• In case of an agreement to sell, is there a Will in favour of the vendee?
  • Is the Will registered with the Sub-registrar?
  • Is the agreement to sell registered and appropriate stamp duty has been paid?

 

  • E. STAMP DUTY
In determining the amount of Stamp Duty payable on Sale Deed/Agreement to Sell, two essential requirements must be kept in mind:
  • Gender of Vendee- If the Vendee is a woman, the Stamp duty payable is 2% less than that payable by a male vendee.
  • Since State governments on all real estate agreements levy stamp duty, it varies from State to State.

  • F. REGISTRATION:
In case of transfer of immovable property a registered deed of transfer is essential if the value of the said property is Rs. 100 or more. The amount is dependent on the purchase price that is shown in the agreement of sale.
The following steps are involved in registration process.
  • Basing on the market value of the property the stamp paper may be purchased.
  • Then the document has to be written and executed in the presence of two witnesses.
  • The document has to be presented to concerned Sub-registrar in whose jurisdiction the property is situated.
  • Then the Sub-registrar will scrutinize the document regarding classification of the document and payment of proper stamp duty etc.

  • G. EXECUTION:
  • After the Sale Deed is prepared all the parties to the deed shall execute it by affixing full signatures.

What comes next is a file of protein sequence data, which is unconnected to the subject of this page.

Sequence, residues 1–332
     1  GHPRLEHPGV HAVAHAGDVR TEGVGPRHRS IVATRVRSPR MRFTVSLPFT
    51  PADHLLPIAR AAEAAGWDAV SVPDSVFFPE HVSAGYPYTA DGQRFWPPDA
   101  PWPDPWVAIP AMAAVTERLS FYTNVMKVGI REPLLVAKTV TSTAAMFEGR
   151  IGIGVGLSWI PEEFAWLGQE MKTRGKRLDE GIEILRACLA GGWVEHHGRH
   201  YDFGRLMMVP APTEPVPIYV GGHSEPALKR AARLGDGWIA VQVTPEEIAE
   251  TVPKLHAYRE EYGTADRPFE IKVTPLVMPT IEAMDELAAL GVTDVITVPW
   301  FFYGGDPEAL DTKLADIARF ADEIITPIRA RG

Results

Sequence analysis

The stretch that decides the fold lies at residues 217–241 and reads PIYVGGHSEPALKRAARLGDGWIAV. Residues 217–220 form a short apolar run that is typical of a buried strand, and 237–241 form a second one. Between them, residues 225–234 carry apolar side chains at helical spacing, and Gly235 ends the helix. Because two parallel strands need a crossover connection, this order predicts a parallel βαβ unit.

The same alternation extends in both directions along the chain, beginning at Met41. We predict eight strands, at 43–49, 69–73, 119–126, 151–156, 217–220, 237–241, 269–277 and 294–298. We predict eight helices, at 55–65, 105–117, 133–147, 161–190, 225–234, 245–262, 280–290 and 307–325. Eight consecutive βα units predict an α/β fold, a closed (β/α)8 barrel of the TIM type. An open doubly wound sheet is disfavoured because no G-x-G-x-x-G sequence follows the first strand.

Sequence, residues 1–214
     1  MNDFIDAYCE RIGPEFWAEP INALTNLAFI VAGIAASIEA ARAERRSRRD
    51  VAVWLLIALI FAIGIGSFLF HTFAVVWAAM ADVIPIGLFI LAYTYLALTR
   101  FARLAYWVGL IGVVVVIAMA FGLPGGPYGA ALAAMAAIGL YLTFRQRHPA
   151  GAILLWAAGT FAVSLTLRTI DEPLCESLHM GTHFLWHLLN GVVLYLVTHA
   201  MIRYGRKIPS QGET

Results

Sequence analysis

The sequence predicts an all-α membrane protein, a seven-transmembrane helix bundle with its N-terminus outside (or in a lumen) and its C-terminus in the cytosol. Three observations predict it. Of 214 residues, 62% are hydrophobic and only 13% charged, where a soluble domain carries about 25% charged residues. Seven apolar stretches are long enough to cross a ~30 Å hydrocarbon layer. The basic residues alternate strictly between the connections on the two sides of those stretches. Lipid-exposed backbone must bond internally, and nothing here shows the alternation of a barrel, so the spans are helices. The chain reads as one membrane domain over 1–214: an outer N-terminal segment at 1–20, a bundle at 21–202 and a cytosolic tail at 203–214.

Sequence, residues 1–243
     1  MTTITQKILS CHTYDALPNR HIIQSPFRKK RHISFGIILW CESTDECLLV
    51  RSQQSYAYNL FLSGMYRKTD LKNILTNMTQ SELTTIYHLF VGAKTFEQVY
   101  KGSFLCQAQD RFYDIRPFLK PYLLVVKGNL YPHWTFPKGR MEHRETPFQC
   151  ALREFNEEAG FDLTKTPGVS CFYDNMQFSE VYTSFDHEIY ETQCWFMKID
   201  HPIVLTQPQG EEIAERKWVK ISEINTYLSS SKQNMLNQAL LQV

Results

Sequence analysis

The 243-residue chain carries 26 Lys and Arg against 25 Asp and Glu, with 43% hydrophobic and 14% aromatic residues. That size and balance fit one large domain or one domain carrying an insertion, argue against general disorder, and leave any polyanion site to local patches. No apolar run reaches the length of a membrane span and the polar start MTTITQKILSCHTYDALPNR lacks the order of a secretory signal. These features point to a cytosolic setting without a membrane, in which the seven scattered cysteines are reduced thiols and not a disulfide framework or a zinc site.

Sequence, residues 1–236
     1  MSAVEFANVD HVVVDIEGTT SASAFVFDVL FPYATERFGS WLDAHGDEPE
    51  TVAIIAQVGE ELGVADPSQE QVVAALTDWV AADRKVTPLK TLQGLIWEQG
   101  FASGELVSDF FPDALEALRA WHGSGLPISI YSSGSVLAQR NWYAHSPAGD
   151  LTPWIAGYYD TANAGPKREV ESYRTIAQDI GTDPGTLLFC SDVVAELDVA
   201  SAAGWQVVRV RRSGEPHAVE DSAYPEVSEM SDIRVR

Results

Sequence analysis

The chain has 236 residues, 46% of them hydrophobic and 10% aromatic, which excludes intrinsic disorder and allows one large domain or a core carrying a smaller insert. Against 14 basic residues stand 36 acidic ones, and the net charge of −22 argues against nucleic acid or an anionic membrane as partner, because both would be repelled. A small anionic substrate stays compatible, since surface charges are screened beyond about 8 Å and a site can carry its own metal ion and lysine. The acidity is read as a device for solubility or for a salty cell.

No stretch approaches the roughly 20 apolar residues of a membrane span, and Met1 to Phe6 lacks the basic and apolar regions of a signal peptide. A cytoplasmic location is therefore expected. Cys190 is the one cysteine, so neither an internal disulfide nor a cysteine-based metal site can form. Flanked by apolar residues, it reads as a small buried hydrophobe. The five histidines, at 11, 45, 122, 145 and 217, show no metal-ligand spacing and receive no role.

• Each page should be signed by all the sellers.
  • The execution of the Sale deed requires to be witnessed by two witnesses. The witnesses shall give their full particulars and addresses and should carry proof of their identity as in PAN card/voter Id card/passport etc.
  • The duly executed sale deed should be presented at the jurisdictional sub-registrar office.

 

  • F. MISCELLANEOUS:
  • Carpet Area: Carpet area may be defined as the net usable area. Carpet area is the area from the inner sides of wall to wall. However, this concept is rarely used today and as a result; flats today are generally sold on the basis of Built-up area and super built-up area.
  • Built-up Area (BUA): BUA, over and above the carpet area, would include the space covered by the thickness if the inner and outer walls of the flat. The BUA thus would generally be around 15% more than the carpet area of the flat. Thus, for a carpet area of 1000 Sq. Ft. the BUA could work out to be 1150 Sq. Ft. approximately.
  • Super Built-up Area: Super BUA, apart from the BUA, is said to include the proportionate common areas on the floor like the passage, staircase, etc. This would usually be around 25% to 355 of the carpet area. However, there is a tendency of loading even the common areas of the building/project like the garden, open area, clubhouse and other recreational facilities.
  • Leasehold Property: A piece of property given or ‘leased’ to an individual (known as the ‘Lessee’) for a stipulated period of time by the owner of the property (known as the ‘Lessor’), is referred to as Leasehold Property. A certain amount is fixed by the Lessor to be paid as lease premium and annual lease. The land ownership rights remain with the Lessor. Transfer of property requires prior permission.
  • Freehold Property: An agreement of sale, coupled with actual possession of the property would be considered as a conclusion of the sale. Usually, the entire amount is paid at the time of handing over possession.
  • Income Tax Consideration: If the transfer takes place within three years of purchase, the income tax exemption under Section 54F of the Income Tax Act does not hold good.